OBV Profile: Sunder Katwala

For the past three years Katwala, 32, has worked for the Fabian Society. Since 1884, the society has challenged and initiated progressive policies to encourage the development of ideas and principles within the Labour Party.

Katwala, who is a regular political commentator for the Guardian, feels passionate about the work he carries out through the independent organisation. Much of his political interests have included foreign policy and multiculturalism, especially the ongoing debates surrounding "Inclusive Britain" and "Britishness".

Discussing the work of the organisation he says: "Through the society I think we have brought equality and inequality to the political table. The language of politics has changed and we can see this through government policy changes and the ongoing discussions about these important issues."

Alongside his political endeavours part of Katwala's career has been shaped through his work as a journalist. Before he took on the role of general secretary for the society he was internet editor and leader writer for the Observer newspaper. Prior to that, he was the research director for the Foreign Policy Centre from 1999 to 2001 where he carried out research on topics such as Reinventing the Commonwealth. He also spent nearly four years as the commissioning editor for McMillan Publishers.

Katwala recalls his first political memory when in 1990 the Conservative politician Norman Tebbit questioned whether Asian immigrants were supporters of England during cricket matches or supporters of their own country of origin. Katawla says that at that moment that comment made him question the whole issue of inclusiveness and identity.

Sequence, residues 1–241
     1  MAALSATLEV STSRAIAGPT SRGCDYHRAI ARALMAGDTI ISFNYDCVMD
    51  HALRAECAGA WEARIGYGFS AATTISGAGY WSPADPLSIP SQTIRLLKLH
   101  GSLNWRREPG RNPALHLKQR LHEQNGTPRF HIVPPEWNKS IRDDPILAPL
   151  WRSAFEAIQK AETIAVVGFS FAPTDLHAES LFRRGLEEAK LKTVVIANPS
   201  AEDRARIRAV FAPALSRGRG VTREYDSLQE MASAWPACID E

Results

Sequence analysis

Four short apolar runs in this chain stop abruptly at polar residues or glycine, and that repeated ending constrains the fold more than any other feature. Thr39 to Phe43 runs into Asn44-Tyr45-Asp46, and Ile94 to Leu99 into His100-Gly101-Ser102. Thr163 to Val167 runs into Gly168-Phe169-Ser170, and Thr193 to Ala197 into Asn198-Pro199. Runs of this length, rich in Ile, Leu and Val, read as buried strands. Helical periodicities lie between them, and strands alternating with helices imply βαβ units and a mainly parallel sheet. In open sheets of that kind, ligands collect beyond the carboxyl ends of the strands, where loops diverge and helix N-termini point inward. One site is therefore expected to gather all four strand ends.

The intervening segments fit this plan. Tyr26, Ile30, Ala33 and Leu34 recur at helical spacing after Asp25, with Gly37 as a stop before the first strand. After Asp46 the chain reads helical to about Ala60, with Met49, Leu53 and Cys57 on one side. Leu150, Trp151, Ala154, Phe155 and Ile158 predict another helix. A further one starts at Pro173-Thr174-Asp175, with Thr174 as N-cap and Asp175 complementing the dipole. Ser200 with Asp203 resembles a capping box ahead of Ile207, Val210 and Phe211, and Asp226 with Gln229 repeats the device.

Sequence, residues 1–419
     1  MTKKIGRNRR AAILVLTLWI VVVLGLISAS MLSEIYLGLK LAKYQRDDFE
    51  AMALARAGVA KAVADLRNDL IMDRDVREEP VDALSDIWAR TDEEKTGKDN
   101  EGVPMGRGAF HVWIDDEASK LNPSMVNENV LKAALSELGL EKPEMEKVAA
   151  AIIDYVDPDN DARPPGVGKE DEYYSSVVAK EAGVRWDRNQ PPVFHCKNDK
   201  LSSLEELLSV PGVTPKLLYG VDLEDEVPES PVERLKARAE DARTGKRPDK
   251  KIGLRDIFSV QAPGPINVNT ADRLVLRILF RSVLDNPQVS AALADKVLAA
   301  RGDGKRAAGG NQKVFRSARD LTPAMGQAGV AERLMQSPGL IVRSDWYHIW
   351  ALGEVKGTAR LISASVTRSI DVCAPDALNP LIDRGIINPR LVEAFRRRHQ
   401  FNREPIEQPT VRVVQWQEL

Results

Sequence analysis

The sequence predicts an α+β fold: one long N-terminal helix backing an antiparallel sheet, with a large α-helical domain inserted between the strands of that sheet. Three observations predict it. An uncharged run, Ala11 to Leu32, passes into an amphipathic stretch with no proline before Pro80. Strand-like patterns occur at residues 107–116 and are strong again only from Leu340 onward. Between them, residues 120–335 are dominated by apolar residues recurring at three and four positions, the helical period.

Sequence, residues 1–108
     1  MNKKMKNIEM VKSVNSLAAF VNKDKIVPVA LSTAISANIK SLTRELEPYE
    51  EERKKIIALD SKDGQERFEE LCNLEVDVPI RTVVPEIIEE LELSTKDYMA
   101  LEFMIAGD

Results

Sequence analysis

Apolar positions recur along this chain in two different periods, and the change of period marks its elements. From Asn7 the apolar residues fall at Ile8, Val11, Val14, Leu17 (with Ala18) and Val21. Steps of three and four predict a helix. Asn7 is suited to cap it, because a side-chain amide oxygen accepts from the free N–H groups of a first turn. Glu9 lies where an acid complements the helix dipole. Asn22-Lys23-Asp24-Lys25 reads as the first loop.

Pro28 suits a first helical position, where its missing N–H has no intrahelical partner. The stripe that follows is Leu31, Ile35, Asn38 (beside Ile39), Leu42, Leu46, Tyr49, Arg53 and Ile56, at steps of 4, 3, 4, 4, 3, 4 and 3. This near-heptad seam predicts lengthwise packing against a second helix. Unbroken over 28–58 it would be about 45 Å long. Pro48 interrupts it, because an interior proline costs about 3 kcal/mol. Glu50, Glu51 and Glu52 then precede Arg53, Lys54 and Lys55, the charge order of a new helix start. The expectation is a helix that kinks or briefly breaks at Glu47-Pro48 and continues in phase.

Katwala was born in Doncaster, Yorkshire and is of mixed parentage. His mother is Irish and his father Indian. He spent much of his formative years growing up in Cheshire and later in Essex during his mid teens.

He explains that although he is of mixed parentage, he found that while growing up he faced a lot of racial abuse from people who could not see beyond the colour of his skin.

He says: "It was because of my experiences with people who were prejudiced towards me that I became politically aware at a young age and in a sense the reason why I got engaged with politics."

Katwala was educated at Oxford University where he attained a degree in Politics, Philosophy and Economics in 1995. It was during his last year at Oxford that he joined the Fabian Society and became engulfed in politics.

He explains: "At that age, in my final year of university, I found being a member of the Fabian Society very useful. It provided an opportunity to be in an open network where people could join political discussions. In a way it was my first introduction - skimming the surface of think tanks."

Today, in the current political climate Katwala finds that the biggest challenges for the society is to try to stay influential, engage members of the public socially and challenge political groups without losing the organisation's independence.

For the future he says: "I plan to continue to make a difference in politics by showing and challenging ideas and encourage the public to be engaged in practical politics, ideas and values that they too can plug into."